The further we went, the more exhausted and demoralized I became, and the further I fell behind his pace. He disappeared around the next corner and then into the distance, and I was alone, miserable, sunburnt. Finally he reappeared, in our car: he had hurried back to get the car so he could come rescue me. The car was air-conditioned and safe and made short work of the remaining distance. We returned home, I took a cold shower, drank a bunch of water, ate something sweet and caloric and went back to bed.
Later that week, we drove the route to measure the distance: we had walked 10 miles.
And I made a vow to myself that I was never going to feel like that after 10 miles ever again.
You never know when you will need to walk 10 miles. People in NYC found themselves having to walk that far on 9/11, and during at least two blackouts while I’ve lived here. If the power is out or the subways are closed, someone working in the Financial District but living uptown or in Brooklyn or Queens, will find themselves walking home as a matter of course.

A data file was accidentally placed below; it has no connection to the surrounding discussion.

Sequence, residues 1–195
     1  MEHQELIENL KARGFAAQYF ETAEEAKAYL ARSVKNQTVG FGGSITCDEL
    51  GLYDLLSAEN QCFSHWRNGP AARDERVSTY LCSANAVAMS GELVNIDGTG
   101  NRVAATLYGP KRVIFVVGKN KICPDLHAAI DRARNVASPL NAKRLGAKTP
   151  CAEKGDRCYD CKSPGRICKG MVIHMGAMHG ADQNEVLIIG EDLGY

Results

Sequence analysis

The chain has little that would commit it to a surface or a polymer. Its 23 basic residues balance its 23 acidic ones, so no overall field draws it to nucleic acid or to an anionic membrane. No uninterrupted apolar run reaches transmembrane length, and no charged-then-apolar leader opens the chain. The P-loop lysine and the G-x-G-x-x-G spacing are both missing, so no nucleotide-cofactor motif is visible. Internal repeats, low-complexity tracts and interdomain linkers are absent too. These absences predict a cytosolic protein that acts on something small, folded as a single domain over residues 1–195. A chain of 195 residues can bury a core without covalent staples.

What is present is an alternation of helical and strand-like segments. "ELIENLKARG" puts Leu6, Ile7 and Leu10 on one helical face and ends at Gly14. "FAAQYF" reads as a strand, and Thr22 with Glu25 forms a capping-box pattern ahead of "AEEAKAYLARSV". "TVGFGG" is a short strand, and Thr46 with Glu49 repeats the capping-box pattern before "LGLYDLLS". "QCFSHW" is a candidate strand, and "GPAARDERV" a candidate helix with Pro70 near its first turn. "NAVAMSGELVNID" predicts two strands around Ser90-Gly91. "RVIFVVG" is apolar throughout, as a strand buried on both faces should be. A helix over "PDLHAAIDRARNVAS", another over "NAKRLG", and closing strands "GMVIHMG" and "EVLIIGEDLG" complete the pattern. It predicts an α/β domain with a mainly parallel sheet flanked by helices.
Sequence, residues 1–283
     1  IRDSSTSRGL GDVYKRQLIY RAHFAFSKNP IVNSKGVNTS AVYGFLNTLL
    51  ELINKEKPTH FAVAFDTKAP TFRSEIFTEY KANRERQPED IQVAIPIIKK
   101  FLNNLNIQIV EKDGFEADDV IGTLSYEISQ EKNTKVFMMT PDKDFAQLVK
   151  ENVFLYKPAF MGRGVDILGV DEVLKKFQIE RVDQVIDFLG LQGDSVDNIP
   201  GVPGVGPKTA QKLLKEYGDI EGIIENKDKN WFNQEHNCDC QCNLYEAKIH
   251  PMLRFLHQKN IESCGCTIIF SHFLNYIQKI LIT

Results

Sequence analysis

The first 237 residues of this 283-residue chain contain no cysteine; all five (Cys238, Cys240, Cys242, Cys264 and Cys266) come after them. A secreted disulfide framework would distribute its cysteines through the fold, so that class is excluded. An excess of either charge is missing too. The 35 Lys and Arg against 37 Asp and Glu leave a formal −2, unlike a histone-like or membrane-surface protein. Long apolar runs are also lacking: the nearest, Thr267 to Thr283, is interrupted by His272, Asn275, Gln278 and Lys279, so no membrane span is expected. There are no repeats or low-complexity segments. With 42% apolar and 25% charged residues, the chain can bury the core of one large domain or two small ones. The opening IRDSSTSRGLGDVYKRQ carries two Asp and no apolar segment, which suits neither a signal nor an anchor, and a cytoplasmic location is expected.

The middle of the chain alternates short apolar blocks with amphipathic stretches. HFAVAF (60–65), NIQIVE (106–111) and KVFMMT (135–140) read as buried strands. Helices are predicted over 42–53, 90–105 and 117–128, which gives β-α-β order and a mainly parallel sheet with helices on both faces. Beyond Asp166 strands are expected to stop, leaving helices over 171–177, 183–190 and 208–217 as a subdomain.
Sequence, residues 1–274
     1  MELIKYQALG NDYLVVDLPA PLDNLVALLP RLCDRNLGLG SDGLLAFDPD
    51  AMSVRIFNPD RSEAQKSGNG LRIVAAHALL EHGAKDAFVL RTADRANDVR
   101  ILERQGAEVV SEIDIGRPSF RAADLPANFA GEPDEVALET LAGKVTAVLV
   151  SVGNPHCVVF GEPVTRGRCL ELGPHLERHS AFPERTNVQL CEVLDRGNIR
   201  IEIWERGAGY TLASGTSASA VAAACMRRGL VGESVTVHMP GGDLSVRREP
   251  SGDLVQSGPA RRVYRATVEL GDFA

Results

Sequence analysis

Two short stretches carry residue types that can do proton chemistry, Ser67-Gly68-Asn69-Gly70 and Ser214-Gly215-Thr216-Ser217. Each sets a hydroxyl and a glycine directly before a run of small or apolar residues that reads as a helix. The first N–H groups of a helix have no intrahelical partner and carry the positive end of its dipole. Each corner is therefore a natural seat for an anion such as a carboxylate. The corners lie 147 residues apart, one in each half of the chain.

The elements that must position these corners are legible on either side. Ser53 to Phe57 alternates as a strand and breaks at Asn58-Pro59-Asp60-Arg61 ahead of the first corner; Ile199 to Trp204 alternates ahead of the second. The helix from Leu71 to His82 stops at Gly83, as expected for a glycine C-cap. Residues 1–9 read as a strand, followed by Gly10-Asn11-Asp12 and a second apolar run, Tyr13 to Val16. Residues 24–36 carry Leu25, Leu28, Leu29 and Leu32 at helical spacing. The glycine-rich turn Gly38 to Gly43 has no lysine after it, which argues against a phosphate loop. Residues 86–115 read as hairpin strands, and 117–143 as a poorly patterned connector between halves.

So I started training for 10 miles. I took my 3 mile walk and just added to it, a little at a time, until I stretched it to 5 miles, 7 miles, 8, 9, and finally 10. And then I walked 10 often enough that it no longer drained me. And it still gives me a sense of accomplishment. One time, on a visit to Chicago, I once walked 20 in a day, in sandals, without suffering too much, but I wouldn’t recommend it, and we did eat two deep-dish pizzas that day.
I tell myself there are other challenges I should set myself: I should practice walking up to my apartment instead of taking the elevator – there is nothing like walking home in a blackout and then having to walk up 10 flights of stairs to finish you off, especially since blackouts often occur in the summer, when it is 100 degrees out and 100% humidity. But I have never made up my mind to that. My knees don’t like it.
So that is the reason why I walk 10 miles. It is a commitment to myself. It’s led me to explore my city – and other areas – in a new way. It gets me outside, and it’s good exercise.